If you have an ACS member number, please enter it here so we can link this account to your membership. (optional)

ACS values your privacy. By submitting your information, you are gaining access to C&EN and subscribing to our weekly newsletter. We use the information you provide to make your reading experience better, and we will never sell your data to third party members.



3-component Suzuki reaction makes amines

Using existing starting materials in new ways expands chemical space for more exploration

by Brianna Barbu
March 1, 2024

A reaction scheme showing a cross-coupling reaction with the pieces used to make sonidegib, plus a nitrogen source, to make an aminated derivative of the drug.
The new method from Richard Liu's group can make aminated derivatives of drugs that are constructed using Suzuki cross coupling.

It’s hard to improve on a classic. But Richard Y. Liu was eager to take on that challenge.

Cross-coupling reactions, including Suzuki-Miyaura coupling and Buchwald-Hartwig amination, are some of the most-used transformations in organic synthesis. Chemists have used them for decades to construct molecular scaffolds. The reactions have “had so many years to be optimized to work with almost everything,” says Liu, an assistant professor of chemistry and chemical biology at Harvard University. The list of molecular pieces that these reactions can stitch together is constantly growing, adding to the chemical space of complex molecules that chemists can create with the techniques.

Liu doesn’t want to just add to chemical space, though. He wants to multiply it by developing reactions that use existing starting materials in new ways.

Now he and his group have unveiled a three-component reaction that takes Suzuki coupling partners—an aryl halide and an arylboronic acid—and inserts a nitrogen between them to make an amine product (Science 2024, DOI: 10.1126/science.adl5359).

“I love this theme of getting alternative products without buying any new starting material,” Liu says. This remixed cross coupling effectively makes Buchwald products from Suzuki starting materials, a strategy Liu says could be useful for medicinal chemists looking to quickly screen their libraries of cross-coupling fragments for combinations with pharmaceutical potential.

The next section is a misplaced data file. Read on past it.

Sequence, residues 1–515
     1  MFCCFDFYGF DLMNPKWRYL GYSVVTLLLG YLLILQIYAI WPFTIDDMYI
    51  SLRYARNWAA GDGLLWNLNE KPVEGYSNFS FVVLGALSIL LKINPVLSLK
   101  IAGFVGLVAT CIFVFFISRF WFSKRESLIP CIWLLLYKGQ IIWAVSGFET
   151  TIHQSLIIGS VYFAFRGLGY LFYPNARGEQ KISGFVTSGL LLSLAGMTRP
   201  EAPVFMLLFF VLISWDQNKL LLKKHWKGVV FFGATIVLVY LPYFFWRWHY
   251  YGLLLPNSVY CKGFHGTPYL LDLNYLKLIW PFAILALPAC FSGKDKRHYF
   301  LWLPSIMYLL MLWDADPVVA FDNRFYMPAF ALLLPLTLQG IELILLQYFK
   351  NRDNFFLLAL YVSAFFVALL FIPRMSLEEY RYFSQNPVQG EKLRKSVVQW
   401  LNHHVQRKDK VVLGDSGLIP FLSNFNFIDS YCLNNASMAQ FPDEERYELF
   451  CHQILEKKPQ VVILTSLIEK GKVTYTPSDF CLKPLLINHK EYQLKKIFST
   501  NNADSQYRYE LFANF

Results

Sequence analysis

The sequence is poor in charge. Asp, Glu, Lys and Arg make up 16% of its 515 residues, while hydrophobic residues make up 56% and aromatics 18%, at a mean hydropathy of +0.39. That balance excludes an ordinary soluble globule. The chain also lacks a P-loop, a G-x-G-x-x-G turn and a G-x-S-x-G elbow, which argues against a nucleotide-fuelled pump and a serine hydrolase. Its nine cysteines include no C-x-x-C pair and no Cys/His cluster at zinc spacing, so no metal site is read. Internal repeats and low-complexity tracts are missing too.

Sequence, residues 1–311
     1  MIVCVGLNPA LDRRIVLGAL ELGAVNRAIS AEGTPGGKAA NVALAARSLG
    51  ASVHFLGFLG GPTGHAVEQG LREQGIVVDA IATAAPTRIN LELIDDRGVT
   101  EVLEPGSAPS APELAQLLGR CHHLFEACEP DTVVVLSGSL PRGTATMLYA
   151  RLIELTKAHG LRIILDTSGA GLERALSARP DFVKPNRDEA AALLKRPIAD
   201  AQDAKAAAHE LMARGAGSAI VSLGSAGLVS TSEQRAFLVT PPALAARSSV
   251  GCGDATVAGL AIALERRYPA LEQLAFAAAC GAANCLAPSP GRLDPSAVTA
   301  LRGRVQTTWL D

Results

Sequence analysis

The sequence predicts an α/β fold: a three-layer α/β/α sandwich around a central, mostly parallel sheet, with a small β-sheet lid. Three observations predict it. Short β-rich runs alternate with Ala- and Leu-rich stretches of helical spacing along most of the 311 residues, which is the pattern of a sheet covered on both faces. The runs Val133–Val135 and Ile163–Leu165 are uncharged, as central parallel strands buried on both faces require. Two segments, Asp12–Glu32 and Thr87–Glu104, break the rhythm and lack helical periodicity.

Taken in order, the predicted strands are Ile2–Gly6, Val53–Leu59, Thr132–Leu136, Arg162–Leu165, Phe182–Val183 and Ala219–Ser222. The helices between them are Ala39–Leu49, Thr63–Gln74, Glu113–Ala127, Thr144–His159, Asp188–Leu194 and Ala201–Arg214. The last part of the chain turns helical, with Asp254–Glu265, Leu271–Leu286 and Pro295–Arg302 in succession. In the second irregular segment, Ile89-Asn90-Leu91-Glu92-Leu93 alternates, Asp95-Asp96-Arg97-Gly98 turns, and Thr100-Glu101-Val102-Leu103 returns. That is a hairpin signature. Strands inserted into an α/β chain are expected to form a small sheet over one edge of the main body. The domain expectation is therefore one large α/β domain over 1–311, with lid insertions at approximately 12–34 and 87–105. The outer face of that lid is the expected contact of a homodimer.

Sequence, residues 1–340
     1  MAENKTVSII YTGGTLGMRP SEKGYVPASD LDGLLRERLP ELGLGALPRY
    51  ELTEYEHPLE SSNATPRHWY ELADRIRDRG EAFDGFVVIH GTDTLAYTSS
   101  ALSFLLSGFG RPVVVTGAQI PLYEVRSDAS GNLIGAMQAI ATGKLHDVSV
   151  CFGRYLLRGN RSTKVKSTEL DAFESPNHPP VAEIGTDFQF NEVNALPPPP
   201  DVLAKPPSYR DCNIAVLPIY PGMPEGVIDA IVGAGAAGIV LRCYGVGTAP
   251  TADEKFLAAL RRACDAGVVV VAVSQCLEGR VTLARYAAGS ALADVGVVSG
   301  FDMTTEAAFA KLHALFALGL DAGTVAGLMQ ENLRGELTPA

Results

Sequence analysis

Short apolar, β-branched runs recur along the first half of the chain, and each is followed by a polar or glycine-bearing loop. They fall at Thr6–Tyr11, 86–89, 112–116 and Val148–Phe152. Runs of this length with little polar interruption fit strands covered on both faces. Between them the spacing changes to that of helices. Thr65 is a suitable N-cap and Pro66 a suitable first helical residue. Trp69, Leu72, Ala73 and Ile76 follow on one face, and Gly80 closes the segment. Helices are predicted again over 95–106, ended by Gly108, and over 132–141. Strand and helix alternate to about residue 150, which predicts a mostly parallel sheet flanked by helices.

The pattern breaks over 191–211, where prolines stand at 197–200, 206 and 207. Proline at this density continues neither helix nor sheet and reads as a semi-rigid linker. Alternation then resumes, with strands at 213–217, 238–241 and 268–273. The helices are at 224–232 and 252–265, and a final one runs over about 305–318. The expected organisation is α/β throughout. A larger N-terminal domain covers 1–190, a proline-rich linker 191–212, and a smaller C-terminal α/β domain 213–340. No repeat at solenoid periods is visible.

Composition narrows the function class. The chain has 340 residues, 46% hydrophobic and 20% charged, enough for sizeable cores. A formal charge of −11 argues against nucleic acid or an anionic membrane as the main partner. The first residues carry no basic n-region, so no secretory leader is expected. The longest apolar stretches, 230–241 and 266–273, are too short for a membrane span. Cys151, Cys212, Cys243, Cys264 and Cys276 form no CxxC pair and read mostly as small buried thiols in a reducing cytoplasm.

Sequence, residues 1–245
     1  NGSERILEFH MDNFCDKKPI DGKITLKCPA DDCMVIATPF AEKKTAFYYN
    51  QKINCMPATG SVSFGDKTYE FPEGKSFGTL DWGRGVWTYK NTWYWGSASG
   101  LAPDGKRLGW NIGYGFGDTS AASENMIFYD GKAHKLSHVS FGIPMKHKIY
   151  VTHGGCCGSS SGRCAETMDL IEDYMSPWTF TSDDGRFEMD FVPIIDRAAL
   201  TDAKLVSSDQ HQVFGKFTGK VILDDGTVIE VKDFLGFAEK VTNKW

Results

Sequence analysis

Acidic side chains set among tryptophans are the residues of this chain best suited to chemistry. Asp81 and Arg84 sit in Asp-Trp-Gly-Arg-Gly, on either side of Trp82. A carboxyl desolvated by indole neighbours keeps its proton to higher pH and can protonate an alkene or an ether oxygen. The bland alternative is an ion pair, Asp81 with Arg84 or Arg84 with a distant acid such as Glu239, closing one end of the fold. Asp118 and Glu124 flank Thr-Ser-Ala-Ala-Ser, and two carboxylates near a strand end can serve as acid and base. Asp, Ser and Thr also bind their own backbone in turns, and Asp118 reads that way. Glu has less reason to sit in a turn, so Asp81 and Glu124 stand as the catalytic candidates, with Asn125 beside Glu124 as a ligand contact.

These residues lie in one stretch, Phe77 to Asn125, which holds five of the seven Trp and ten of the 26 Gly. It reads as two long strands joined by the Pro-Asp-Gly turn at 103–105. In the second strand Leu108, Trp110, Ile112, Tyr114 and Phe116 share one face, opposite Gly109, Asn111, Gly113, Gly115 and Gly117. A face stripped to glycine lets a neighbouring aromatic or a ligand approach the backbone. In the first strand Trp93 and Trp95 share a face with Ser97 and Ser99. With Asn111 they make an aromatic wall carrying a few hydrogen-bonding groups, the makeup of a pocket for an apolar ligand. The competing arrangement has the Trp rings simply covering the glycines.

He and his team took inspiration from carbonylative cross-coupling reactions that put carbon monoxide between the organic fragments to make a ketone. But instead of CO, they used an electrophilic nitrogen source.

It was a bit tricky to get all three pieces to come together correctly, Liu says. “Every time you add more components, more things can go wrong.” The researchers had to deliberately slow down the Suzuki reaction’s catalytic cycle using a bulky phosphine ligand so that the nitrogen would have time to jump in.

The researchers ensured the reaction worked with a wide variety of medicinally relevant aryl halide and boronic acid coupling partners, even using it to modify entire drug molecules. And by adding carbon monoxide, they found that it’s possible to do a four-component reaction to make an amide.

The work is “a great example of inventing new catalytic cycles based on fundamental knowledge,” says Jin-Quan Yu of Scripps Research in California in an email. He says that the Buchwald reaction still has many advantages for synthesis but that this new reaction is a nice complement.

Liu says he and his group are working to identify new tricks to coax out of old reactions. And they want others to be inspired to do the same. “We’re hoping that academics could look at this strategy and think, ‘What else can we insert in there?’ ”.



This article has been sent to the following recipient:

Chemistry matters. Join us to get the news you need.